Dishonored 2 Xbox One Review

Dishonored 2 is a fantastic sequel and a game you’ll want to play multiple times

By Grayshadow, Posted 12 Nov 2016

Back in 2012 Dishonored launched with critical and commercial acclaim. The freedom to play either violently or peacefully allowed players to shape the story and the world of Dunwall. Dishonored 2 takes place 15 years after the events of the first game in the coastal city of Karnaca and builds on everything the first game succeeded on. Dishonored 2 is a fantastic sequel and a game you’ll want to play multiple times.

Dishonored 2,Review,Xbox One,Arkane Studios,Bethesda,NoobFeed,Screenshots,Gameplay

Dishonored 2 takes place 15 years after the events of the first game. Instead of porting your decisions to influence the story, like in BioWare’s Mass Effect or Dragon Age franchise, the story assumes that Corvo, the protagonist of the first game, made all the peaceful decisions. Emily is now the Empress and Corvo serves as her Royal Protector, as he did when her mother was alive. 

Within the first fifteen minutes, Emily is usurped from power, Emily and Crovo are branded as traitors of the state, accused of being responsible for a series of murders, and forced to flee Dunwall. A woman named Delilah Copperspoon claims to be the half-sister to Emily’s mother and the rightful heir to the throne, and she’s taking it by force. Right at the beginning, the player is given a choice, to play as Corvo or Emily. Once you pick you forfeit the chance to play the other character.

Emily and Corvo share basic skills such as jumping, strangling, and lethal takedowns. Enhancements remain the same between both Emily and Corvo, allowing players to upgrade health, speed, durability, and combat effectiveness. What differs between the two are their supernatural abilities. Corvo’s abilities from the first game remain largely unchanged and include teleporting, possession, slowing time, and summoning rats. Emily uses a different set of abilities that radically change the gameplay. All thanks to The Outsider.

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Speaking of The Outsider the dark deity has a larger role this time around. Unlike the first game where the god simply acted as a narrator, verbally explaining Corvo’s actions, this time around we see The Outsider offer some much-needed context to the game’s plot. Here he explains the origin’s of characters, who they are, and what they’ve done. Emily and Corvo may be the stars of the game but The Outsider steals the spotlight.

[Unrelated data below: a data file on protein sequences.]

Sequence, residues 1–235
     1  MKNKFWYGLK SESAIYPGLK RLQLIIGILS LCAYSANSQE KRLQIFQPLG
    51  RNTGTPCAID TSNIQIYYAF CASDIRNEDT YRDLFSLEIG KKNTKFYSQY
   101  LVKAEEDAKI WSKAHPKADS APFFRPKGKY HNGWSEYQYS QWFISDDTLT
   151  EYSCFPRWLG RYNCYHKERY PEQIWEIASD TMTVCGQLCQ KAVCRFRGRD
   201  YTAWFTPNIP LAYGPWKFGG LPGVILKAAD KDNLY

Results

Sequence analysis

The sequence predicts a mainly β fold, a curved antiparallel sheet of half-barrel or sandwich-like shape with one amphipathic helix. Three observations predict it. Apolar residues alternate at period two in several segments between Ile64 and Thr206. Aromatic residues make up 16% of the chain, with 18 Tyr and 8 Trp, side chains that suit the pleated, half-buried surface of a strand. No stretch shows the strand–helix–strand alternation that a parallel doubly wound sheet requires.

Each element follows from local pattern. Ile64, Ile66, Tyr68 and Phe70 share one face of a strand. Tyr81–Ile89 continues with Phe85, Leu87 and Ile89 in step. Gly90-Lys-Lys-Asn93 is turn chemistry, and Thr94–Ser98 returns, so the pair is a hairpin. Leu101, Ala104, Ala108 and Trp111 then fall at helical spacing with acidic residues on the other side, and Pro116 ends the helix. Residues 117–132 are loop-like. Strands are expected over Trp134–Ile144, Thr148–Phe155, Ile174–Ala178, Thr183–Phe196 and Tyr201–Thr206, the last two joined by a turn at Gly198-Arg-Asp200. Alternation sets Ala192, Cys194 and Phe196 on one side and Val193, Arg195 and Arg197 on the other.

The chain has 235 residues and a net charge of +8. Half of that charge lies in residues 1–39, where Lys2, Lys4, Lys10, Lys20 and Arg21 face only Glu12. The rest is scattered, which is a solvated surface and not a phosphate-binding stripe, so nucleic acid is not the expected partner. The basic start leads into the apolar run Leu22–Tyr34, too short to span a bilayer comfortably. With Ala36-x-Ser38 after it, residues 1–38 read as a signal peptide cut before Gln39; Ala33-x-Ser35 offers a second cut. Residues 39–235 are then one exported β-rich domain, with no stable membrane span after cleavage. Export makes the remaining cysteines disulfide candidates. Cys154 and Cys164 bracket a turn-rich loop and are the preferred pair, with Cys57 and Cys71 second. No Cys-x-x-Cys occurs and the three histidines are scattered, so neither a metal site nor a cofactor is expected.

Both Emily and Corvo can be gifted with the Mark of the Outsider, which is optional in Dishonored 2. Emily can force humans and hounds to fight at her side, assume the form of a shadow with increased speed with limited visibility, summon a doppelganger, and link enemies together so what happens to one happens to the linked target. Every ability can be upgraded using Runes that are collected throughout the environment, some offering more than one branch. Other items include Bonecharms that add specific boosts, all of which can be located using The Heart. This item shows the location of all hidden special items, with the exception of paintings and whale bones, as long as it’s equipped.

Unlike the first game all upgrades and items are purchased through the Black Market. Money is plentiful but upgrades are limited. Everything is upgradable including gadget. You’ll  have access to a pistol, grenades, stun mines, sticky grenades, and springrazers. If you wish to switch between items and powers without opening a menu you can assign up to four items to the d-pad quick select menu. Since money is finite choosing which upgrades suit your play-style is just as important as investing points to your skills and which bonecharms to equip.

Dishonored 2,Review,Xbox One,Arkane Studios,Bethesda,NoobFeed,Screenshots,Gameplay

One major change that should be noted is Dark Vision. Available to both Emily and Corvo this ability allows players to see through walls and the cone-of-vision of enemies. Unlike the first game this new version of the skill now emits a small radar pulse that periodically scans an area. At times I found the skills to be unreliable, sometimes picking up no one unless I stood still even when fully upgraded. When compared to the first game’s version of the skill this one is clearly inferior.